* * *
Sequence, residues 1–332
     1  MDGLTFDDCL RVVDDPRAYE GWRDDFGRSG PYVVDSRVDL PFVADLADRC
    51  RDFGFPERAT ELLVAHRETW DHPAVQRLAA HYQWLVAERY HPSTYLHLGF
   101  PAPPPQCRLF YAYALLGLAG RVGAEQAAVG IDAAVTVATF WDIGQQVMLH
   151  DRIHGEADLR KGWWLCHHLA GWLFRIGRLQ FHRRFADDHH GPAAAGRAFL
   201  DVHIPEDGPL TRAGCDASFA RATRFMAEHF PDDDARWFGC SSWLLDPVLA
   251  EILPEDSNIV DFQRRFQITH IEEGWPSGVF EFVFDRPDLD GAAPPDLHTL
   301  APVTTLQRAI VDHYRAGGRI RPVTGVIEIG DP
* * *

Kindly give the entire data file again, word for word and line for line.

Sequence, residues 1–332
     1  MDGLTFDDCL RVVDDPRAYE GWRDDFGRSG PYVVDSRVDL PFVADLADRC
    51  RDFGFPERAT ELLVAHRETW DHPAVQRLAA HYQWLVAERY HPSTYLHLGF
   101  PAPPPQCRLF YAYALLGLAG RVGAEQAAVG IDAAVTVATF WDIGQQVMLH
   151  DRIHGEADLR KGWWLCHHLA GWLFRIGRLQ FHRRFADDHH GPAAAGRAFL
   201  DVHIPEDGPL TRAGCDASFA RATRFMAEHF PDDDARWFGC SSWLLDPVLA
   251  EILPEDSNIV DFQRRFQITH IEEGWPSGVF EFVFDRPDLD GAAPPDLHTL
   301  APVTTLQRAI VDHYRAGGRI RPVTGVIEIG DP